Bunyaviruses are an incredibly diverse family of negative stranded enveloped RNA viruses that are responsible for such dreaded diseases as Rift Valley Fever, Crimean - Congo Hemorrhagic Fever (CCHF), and Hantavirus.
While these viruses most commonly infect arthropods and rodents (and occasionally humans), curiously, one variety even infects plants - the (Tospovirsus) – and is responsible for tomato spotted wilt.
In the United States, probably the most common Bunyavirus infection reported is La Crosse (LAC) encephalitis, and less commonly Jamestown Canyon (JCV) and California encephalitis (CE).
All three being mosquito vectored illnesses.
Over the past few years we’ve seen a new, often serious human infection emerge in Asia - Severe Fever with Thrombocytopenia Syndrome (SFTS) - that produces a high fever, a low platelet count and and can lead to multiple organ failure.
SFTS first came to our attention in the spring and summer of 2009 after outbreaks were identified in China’s Hubei and Henan provinces. While ticks were suspected as vectors, the pathogen behind this disease was not initially known.
In 2011, the NEJM published a study Fever with Thrombocytopenia Associated with a Novel Bunyavirus in China. STFS has been associated with a 12% mortality rate in China.
Over the past year, we’ve seen reports of SFTS in Japan and Korea as well (see Japan Announces 4th SFTS Fatality, Korean CDC On SFTS Cases). Of note, we’ve also seen evidence of limited human-to-human transmission of this virus.
Liu Y, Li Q, Hu W, Wu J, Wang Y, Mei L, Walker DH, Ren J, Wang Y, Yu XJ.
We concluded that SFTSV can be transmitted from person to person through contacting patient's blood.
Last year, in New Phlebovirus Discovered In Missouri we also learned of the discovery of another novel Bunyavirus – dubbed the Heartland Virus (HLV) - in two residents of Western Missouri. Last month CIDRAP NEWS reported that Researchers trace novel Heartland virus to Missouri ticks.
All of which serves as prelude to today’s report in the CDC’s EID Journal, where researchers in Minnesota conducted serological testing of domestic and captive farmed animals looking for evidence of SFTS and the Heartland virus.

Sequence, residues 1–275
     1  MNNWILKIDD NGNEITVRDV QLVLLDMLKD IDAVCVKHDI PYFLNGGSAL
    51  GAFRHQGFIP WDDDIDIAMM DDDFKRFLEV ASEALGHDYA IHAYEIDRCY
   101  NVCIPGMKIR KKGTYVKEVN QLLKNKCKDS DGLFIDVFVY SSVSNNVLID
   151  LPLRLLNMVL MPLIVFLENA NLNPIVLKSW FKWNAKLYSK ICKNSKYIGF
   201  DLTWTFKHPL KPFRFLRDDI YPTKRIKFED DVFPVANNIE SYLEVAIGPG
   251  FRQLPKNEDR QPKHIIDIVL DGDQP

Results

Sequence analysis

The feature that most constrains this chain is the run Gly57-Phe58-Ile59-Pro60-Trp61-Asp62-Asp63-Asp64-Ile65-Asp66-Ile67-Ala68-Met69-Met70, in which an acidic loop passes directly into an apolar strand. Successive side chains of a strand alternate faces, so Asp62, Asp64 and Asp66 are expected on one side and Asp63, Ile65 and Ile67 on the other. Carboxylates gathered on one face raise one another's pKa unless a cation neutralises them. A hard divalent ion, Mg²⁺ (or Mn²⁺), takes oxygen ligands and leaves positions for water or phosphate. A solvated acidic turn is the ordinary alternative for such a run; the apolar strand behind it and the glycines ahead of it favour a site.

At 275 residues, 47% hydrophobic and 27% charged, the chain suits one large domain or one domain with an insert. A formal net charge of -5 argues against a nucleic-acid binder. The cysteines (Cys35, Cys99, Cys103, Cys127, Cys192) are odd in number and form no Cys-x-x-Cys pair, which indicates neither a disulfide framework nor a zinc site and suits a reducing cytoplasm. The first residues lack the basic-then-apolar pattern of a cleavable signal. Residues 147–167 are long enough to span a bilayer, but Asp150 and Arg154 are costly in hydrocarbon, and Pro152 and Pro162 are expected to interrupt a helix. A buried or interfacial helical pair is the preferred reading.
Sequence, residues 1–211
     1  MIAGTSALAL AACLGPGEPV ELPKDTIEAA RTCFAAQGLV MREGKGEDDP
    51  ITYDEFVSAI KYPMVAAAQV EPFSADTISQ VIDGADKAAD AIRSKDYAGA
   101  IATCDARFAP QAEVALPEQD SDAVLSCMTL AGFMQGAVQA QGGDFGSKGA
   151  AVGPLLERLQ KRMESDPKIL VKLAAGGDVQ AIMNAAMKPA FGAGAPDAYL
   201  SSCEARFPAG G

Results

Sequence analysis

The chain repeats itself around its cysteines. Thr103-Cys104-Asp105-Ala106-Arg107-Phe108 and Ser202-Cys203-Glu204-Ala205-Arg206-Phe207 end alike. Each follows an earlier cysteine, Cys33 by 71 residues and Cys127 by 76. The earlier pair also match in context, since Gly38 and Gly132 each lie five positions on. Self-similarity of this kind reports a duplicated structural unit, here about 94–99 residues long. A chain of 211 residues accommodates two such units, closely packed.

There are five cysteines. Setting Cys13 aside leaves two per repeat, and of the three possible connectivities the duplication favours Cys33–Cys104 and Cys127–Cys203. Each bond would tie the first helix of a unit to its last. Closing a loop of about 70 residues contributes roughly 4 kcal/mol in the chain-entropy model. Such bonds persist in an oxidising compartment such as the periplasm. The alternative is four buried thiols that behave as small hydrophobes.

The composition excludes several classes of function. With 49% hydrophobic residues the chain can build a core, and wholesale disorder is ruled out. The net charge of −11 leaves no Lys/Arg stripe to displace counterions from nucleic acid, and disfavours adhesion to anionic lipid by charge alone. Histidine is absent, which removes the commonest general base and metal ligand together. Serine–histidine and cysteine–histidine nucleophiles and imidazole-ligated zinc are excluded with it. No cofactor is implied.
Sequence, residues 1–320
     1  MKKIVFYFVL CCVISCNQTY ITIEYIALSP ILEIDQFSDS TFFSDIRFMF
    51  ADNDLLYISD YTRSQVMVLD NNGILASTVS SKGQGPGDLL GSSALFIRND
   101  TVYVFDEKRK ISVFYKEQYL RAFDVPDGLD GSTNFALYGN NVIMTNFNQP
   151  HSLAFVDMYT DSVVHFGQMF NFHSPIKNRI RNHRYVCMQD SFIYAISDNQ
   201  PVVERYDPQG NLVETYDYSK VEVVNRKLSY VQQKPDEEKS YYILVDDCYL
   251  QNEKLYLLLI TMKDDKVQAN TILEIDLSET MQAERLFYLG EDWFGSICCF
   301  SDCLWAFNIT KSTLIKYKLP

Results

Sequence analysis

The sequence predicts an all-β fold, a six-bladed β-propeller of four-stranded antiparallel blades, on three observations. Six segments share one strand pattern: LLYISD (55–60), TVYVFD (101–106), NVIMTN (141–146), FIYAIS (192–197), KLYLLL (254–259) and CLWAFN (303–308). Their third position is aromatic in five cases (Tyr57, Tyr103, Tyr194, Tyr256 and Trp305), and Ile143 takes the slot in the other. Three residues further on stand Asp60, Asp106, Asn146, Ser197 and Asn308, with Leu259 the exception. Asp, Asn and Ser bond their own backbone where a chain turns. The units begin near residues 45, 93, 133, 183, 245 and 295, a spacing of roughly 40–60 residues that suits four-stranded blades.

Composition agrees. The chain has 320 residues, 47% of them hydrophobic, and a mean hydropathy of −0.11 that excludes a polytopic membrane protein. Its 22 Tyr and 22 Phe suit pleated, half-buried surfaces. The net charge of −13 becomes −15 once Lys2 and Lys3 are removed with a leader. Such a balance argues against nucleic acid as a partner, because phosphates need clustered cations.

What they found was an unexpectedly high prevalence (10%-18%) of antibodies (using an ELSIA reagent kit developed by China’s CDC) to SFTS in the cattle, goats, sheep, and elk they tested.
Since the HLV and SFTF are antigenically cross reactive, the authors believe `the viruses detected in this region are most likely HLV or close relatives of HLV.’
The entire study is well worth reading, and is available at the link below. I’ve excerpted the abstract and a small portion from the conclusion, as it speaks to the impact this discovery may have on public health.
Volume 19, Number 9—September 2013
Zheng Xing , Jeremy Schefers, Marc Schwabenlander, Yongjun Jiao, Mifang Liang, Xian Qi, Chuan Li, Sagar Goyal, Carol J. Cardona, Xiaodong Wu, Zerui Zhang, Dexin Li, James Collins, and Michael P. Murtaugh
We tested blood samples from domestic and captive farmed animals in Minnesota, USA, to determine exposure to severe fever with thrombocytopenia syndrome virus and Heartland-like virus. We found antibodies against virus nucleoproteins in 10%–18% of samples from cattle, sheep, goats, deer, and elk in 24 Minnesota counties.
Farmers, hunters, and persons with outdoor lifestyles may become infected when they are bitten by infected ticks. In addition, direct contact with secretions, body liquids, or feces from viremic animals would also put these persons and veterinarians at risk, if HLV- infected animals have substantial amounts of virus in blood and other tissues. The direct contact transmission of SFTSV has been reported in family clusters among persons with no history of tick bites, suggesting that person-to-person transmission may also occur (13–15).
Evidence that a novel phlebovirus infects domesticated and captive farmed animals as shown in this study validates the concern that an SFTSV- or HLV-like emerging pathogen could pose a serious public health threat in the United States. Epidemiologic studies with a broader scope need to be conducted to elucidate viral ecology, and effective measures must be adopted to control this virus before it spreads among humans.
Although most people think first of Lyme disease when they get a tick bite, The CDC lists a growing number of diseases carried by ticks in the United States, including: Anaplasmosis, Babesiosis , Ehrlichiosis, Lyme disease, Rickettsia parkeri Rickettsiosis, Rocky Mountain Spotted Fever (RMSF), STARI (Southern Tick-Associated Rash Illness), Tickborne relapsing fever (TBRF), Tularemia, and 364D Rickettsiosis.
We’ve discussed a number these in the past, including:
Given the smorgasbord of of diseases carried by ticks it makes sense to avoid their bites whenever possible. This advice from the Minnesota Department of Health.